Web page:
Within the book “S,” we have the book Ship of Theseus. Within Ship of Theseus, we have references two at least two other tantalizing book titles: The Archer’s Tales by Arquimedes de Sobreiro and The Tortugan Journals of Juan Blas Covarrubias.
In a previous post, I suggested that the Interlude [Tocatta and Fugue in Free Time] (pages 299-329) may point to The Art of the Fugue by J.S. Bach. This famous work of Bach is full of mystery, puzzles, and self-reference. In the comments section, JillAggie pointed out how this reminded her of the books Gödel, Escher, Bach and The Glass Bead Game. Then, Captain pointed out that Gödel, Escher, Bach actually references The Art of the Fugue in a dialogue that takes place between the tortoise and Achilles.
Those dialogues were borrowed from Zeno of Elea (490-430BC), a Greek philosopher that Aristotle credits with inventing the dialectic.
Zeno is well-known for describing examples of paradox. Two of them are highlighted here…
Achilles and the Tortoise (The Tortugan Journals?)
In this paradox, Zeno proves mathematically that Achilles cannot outrun the tortoise if the tortoise gets a head start.
The Arrow Paradox (The Archer’s Tales?)
In this paradox, Zeno proves mathematically that a flying arrow is actually motionless, and any perceived motion is only in the mind. Other names for The Archer’s Tales in “S.” include…
Archerin Tarinat by Jänkä Sääksi (p308)
Ang Mamamana Kuwento by Liwliwa Siloy (p329)
Is it possible that these two paradoxes, one involving a tortoise and one involving the flying arrow of an archer, are the sources of The Tortugan Journals and The Archer’s Tales?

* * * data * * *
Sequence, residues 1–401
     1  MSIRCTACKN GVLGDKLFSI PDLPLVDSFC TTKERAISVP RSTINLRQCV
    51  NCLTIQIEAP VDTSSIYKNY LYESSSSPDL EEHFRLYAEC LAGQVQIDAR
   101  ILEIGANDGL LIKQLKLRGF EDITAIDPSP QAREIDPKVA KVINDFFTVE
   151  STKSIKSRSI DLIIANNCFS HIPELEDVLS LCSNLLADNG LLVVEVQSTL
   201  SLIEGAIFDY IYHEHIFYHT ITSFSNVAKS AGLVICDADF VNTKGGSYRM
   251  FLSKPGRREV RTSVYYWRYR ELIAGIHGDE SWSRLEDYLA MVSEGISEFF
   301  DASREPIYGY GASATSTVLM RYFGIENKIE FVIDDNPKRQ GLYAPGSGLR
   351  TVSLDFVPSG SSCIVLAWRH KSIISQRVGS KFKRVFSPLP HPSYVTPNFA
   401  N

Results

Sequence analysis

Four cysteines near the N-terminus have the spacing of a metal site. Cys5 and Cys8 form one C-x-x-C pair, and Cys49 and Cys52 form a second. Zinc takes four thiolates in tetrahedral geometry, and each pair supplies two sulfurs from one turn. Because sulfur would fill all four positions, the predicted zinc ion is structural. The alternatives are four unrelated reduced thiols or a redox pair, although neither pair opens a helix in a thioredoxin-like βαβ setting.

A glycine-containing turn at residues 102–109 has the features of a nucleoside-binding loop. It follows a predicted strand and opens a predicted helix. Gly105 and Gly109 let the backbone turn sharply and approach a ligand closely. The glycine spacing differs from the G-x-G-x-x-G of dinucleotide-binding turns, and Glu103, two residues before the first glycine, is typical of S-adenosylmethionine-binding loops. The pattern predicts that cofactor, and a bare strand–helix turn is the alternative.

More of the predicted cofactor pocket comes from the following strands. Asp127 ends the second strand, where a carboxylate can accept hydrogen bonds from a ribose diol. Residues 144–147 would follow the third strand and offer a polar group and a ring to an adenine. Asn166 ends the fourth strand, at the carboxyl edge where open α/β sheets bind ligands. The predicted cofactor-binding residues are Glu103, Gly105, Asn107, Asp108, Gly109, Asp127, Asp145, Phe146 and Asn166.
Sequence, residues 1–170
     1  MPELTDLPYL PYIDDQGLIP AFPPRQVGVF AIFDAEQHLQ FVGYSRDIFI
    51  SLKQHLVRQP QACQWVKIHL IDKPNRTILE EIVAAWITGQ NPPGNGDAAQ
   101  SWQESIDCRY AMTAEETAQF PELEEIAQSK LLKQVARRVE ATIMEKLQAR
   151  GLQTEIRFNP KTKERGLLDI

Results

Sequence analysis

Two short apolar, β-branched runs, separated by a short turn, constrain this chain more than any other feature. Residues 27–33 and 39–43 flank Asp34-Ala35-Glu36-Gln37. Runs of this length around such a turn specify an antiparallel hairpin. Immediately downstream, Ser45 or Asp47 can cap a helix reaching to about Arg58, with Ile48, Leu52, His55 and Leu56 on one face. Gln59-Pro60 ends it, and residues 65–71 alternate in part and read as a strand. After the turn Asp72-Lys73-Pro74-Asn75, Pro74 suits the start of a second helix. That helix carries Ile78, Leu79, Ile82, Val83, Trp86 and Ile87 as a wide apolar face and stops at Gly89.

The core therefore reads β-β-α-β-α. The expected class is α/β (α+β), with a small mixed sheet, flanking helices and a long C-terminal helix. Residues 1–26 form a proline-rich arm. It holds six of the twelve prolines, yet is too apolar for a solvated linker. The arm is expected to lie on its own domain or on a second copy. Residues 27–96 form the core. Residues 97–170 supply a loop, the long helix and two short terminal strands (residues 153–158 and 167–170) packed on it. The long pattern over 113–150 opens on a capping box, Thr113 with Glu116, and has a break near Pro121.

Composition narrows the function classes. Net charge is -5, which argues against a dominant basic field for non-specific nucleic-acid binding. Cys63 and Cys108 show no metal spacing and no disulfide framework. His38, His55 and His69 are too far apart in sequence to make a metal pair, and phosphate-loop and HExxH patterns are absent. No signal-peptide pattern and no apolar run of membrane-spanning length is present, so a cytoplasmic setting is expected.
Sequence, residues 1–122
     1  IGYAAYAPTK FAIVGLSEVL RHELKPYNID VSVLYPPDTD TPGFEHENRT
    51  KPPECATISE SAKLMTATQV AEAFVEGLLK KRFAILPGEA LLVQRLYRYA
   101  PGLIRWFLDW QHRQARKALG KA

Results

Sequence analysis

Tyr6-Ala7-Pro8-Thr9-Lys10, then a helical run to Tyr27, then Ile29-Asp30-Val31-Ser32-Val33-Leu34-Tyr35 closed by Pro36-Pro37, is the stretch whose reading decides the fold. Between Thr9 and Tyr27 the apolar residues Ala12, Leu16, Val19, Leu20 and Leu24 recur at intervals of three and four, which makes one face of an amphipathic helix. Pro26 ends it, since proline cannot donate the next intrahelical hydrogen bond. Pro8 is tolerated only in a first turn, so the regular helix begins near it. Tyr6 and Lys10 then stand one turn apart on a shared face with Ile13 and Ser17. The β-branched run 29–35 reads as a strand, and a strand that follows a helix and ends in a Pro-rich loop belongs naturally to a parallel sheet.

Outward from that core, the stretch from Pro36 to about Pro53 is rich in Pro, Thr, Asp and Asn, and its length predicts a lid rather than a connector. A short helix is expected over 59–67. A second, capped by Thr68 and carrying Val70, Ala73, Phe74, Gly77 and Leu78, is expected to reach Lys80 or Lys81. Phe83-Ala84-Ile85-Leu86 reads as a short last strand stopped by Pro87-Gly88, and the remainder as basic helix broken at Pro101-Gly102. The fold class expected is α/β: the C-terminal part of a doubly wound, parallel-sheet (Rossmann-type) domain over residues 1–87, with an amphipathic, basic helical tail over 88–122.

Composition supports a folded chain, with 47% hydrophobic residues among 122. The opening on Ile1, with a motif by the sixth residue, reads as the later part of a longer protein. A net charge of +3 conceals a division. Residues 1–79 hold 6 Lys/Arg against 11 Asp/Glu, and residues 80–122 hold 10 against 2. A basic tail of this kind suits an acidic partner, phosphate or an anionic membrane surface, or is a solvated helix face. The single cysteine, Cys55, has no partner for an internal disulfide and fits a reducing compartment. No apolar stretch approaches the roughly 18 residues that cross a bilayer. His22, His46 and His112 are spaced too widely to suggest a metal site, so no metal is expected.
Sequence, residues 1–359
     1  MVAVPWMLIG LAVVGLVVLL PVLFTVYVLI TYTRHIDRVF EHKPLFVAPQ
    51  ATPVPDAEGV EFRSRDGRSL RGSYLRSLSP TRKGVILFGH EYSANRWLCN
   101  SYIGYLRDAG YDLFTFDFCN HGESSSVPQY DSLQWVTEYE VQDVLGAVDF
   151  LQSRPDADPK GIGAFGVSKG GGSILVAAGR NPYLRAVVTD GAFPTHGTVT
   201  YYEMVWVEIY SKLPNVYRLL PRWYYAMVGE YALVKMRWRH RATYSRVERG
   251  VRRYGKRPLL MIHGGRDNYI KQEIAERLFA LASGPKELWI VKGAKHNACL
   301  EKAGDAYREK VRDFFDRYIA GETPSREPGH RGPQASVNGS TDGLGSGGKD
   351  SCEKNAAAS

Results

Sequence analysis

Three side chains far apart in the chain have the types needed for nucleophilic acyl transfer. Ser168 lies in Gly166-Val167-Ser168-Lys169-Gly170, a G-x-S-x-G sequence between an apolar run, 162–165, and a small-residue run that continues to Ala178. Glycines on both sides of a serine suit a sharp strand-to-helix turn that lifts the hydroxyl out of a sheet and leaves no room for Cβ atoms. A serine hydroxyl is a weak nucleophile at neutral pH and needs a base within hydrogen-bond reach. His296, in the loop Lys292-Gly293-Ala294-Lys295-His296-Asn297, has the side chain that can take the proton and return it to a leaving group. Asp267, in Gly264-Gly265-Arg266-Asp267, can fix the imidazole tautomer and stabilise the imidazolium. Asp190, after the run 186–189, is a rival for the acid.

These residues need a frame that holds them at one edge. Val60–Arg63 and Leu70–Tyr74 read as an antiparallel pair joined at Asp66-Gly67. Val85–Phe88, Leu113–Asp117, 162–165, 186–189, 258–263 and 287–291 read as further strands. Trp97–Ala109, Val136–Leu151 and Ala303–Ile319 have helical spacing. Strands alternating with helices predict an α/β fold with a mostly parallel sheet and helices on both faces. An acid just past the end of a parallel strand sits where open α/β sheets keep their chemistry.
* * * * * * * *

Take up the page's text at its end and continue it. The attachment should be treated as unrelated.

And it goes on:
If they are, and I admit this is an early and underdeveloped theory, here is why. Both of these paradoxes show how our limited logic and philosophy indicates that something is impossible while reality may be entirely different.
For example, in “S.”, we see that S. is driven by basic logic that the only way to overcome the evil of Vévoda is with destructive elimination. What other course of action could there possibly be? In effect, S. is like Achilles and Vévoda like the tortoise. S. is in a race he can never win if he sticks to the confines of this logic. Vévoda and his agents are always one step ahead. However, in the climax, S. realizes that the only way to win is to stop playing by “the rules.” Fighting evil with evil is actually what keeps him from winning.
Likewise, S. remains unable to move beyond this pattern of choice as long as he accepts the prevailing logic – he is the motionless arrow. But when he breaks free of these constraints and chooses to live outside of them, he is finally able to move. Fighting evil with evil actually prevents S. from ever moving beyond and overcoming evil. Only when he stops playing the game does he actually succeed. He must step outside the rules of the system in order to achieve “the impossible.” This is the paradox.
Obviously, if these are the sources for The Tortugan Journals and The Archer’s Tales, much more mystery remains. This is simply an early exploration of the possibilities. I encourage you to dismiss or enhance this theory based on what you have found.